Sensors In Medical Industry
To say that sensors will have a transforming effect on health care overstates their impact in the short term but is realistic within 10 years. Sensor technology will move the place at which health care is delivered in the future, changing the roles of hospitals, outpatient sites, homes, and ambulatory programmes outside the home.
The vent on the ceiling of the lobby will be an air monitor, which detects and reports any visitor who might transmit an airborne infection to a patient. Other sensors will be located in sinks for staff and visitors who are required to wash their hands before and after going into a patient’s room. Any carrier will be swept with a hand held biosensor, which identifies the specific organism and its sensitivity pattern.
The central laboratory will no longer exist. Less frequent tests will be done at a regional facility. The bacteriology laboratory will have been replaced by hand held biosensors, some of them functioning as electronic noses and others detecting and characterising organisms in sputum, urine, and other secretions. The biochemistry laboratory will be gone too and replaced by chemical sensors worn by or implanted in every patient. For acutely ill patients similar arrays of chemical sensors will be components of infusion catheters and beds. Values can be read by authorised staff on devices at any site.
The table used in operating rooms, the gurney, and the hospital bed will be the same piece of equipment, which will be wheeled around by robots. A sophisticated life support for trauma and transport unit (LSTAT, Northrop Grumman) designed for use under battlefield conditions and commercialised after the turn of the century, was the forerunner of this mobile bed. The apparatus combines aerospace materials, information processing, and integrated systems technologies in a unit that is capable of autonomous function. Through the use of embedded sensors the bed can monitor vital signs and blood chemistries, and it is also equipped to provide, under the control of sensors, mechanical ventilation, suction, intravascular infusion, and cardiac defibrillation. The patient can remain on this unit for surgical procedures and for recovery, while being continuously monitored by smart sensors that can activate homoeostatic programmes in response to changes in the patient. A central intensive care unit will no longer be needed for monitoring patients who are acutely ill or who have had surgery, reducing the risk of cross infection.
The cardiac catheter laboratory will haveentered the age of molecular cardiology. Because pharmaceuticals have reduced the incidence of atherosclerosis and can dissolve plaques and clots, the number of patients requiring coronary angioplasty has dwindled. Instead, catheters directed by sensors will be used to deliver angiogenesis factors and cultivated myocardial cells to ischaemic and damaged heart muscle. A few patients are being treated with new sensor based micromachines that can remove plaque from coronary arteries.
Patients provided with smart pacemakers, artificial retinas, and chemical sensors will be seen in a local ambulatory primary care clinic. The physician or nurse will obtain information on line about a patient’s blood chemistries, electrocardiogram, blood pressure, and temperature. A diabetic patient will have had no diabetes related problem since having a smart glucose sensor or insulin reservoir system implanted. An elderly woman with transfusion related AIDS who seems healthy will be managed by a smart viral count sensor integrated with an implanted reservoir containing a drug. A smart sensor or drug reservoir system will be equally effective in the management of a patient whose dysfunctional manic depressive illness is now modulated by chemical sensors that detect the initial chemical imbalance and actuate the injection of appropriate drugs.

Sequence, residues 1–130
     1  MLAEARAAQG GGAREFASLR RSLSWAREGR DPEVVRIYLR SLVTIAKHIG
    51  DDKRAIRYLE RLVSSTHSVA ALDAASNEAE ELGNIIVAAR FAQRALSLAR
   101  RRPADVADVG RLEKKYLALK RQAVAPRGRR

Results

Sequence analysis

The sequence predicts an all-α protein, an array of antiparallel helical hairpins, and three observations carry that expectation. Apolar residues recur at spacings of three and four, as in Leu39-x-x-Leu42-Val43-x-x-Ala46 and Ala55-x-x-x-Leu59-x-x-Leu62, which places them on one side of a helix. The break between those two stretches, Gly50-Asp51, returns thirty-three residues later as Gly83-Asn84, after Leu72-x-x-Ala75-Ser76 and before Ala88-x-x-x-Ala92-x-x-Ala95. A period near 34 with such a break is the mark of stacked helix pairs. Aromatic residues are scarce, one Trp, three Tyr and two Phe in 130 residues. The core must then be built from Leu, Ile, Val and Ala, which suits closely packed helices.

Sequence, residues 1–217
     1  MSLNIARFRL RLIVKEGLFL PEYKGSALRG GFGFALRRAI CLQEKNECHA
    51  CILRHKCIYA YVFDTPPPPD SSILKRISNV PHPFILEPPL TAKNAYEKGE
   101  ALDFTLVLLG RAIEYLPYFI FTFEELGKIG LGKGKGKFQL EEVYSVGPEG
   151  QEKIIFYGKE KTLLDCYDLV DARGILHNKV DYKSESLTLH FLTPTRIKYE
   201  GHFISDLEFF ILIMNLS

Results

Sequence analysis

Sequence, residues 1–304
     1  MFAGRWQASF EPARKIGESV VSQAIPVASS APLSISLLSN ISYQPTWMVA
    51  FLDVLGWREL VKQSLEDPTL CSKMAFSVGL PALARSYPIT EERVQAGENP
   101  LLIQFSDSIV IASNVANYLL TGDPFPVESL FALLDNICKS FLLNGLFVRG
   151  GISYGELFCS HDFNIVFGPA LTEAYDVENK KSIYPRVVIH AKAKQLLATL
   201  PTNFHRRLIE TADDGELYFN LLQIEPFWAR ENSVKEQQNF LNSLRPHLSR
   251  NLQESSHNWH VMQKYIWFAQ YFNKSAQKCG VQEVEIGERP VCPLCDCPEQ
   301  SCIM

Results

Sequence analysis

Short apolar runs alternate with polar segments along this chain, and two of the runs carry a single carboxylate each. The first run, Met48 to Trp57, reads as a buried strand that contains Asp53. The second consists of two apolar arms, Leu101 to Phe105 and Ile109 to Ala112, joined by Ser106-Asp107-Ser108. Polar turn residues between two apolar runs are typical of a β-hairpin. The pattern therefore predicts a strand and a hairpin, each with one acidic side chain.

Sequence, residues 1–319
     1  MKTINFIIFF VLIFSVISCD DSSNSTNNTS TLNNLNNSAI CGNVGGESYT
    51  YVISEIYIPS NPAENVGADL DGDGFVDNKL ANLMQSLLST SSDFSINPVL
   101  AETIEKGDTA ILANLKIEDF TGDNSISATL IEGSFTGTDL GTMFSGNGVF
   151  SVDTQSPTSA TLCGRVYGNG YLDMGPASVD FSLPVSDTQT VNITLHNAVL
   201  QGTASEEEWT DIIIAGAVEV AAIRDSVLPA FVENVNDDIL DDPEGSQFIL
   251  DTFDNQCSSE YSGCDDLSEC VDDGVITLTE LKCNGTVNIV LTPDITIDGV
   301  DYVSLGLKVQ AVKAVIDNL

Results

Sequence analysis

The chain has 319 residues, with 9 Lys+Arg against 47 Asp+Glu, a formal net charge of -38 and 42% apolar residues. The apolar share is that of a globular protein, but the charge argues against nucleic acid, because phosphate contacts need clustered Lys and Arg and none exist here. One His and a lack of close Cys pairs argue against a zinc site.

Home health care
Telemedicine and sensor technologies will have moved the outpatient laboratory and the doctor’s surgery into the living room. Interactive video conferencing, educational programmes, and a broad range of sensors will provide health care at a distance. Patients will not need to tell nurses their weight because it, vital signs, and blood chemistry values will be seen by the nurse on a hand held device. The nurse will be able to inform patients whether their toilet reported bacteria in their urine, and the pharmacy will deliver a prescription accordingly.
Smart blood pressure sensors will manage the drugs for patients with hypertension, sending an immediate alert to the central monitoring unit when integrated sensors for cardiac function and vital signs indicate an unexpected problem. Episodes of diarrhoea in patients with an irritable bowel syndrome will be detected as they begin to evolve and patients will be able to terminate these abruptly by pressing a drug filled subcutaneous reservoir.
Within 10 years biosensors will cause changes in sites of care and the configuration of delivery systems. In many cases the quality of care will be improved and patients can be managed in their homes. Hospitals will operate differently, as well as more safely and efficiently. These advances will, however, be expensive and in many parts of the world irrelevant. New and better vaccines for preventing common conditions afflicting many millions throughout the world would be a far greater benefit to humankind than all the sensors that will be developed and manufactured in the next decade. The contrast between the upper socioeconomic classes with access to sophisticated medical technologies and the lower socioeconomic classes that continue to bear unnecessary morbidity and mortality underscore eliminating health inequities as one of our highest priorities.
Article Source: https://www.ncbi.nlm.nih.gov/pmc/articles/PMC1129066/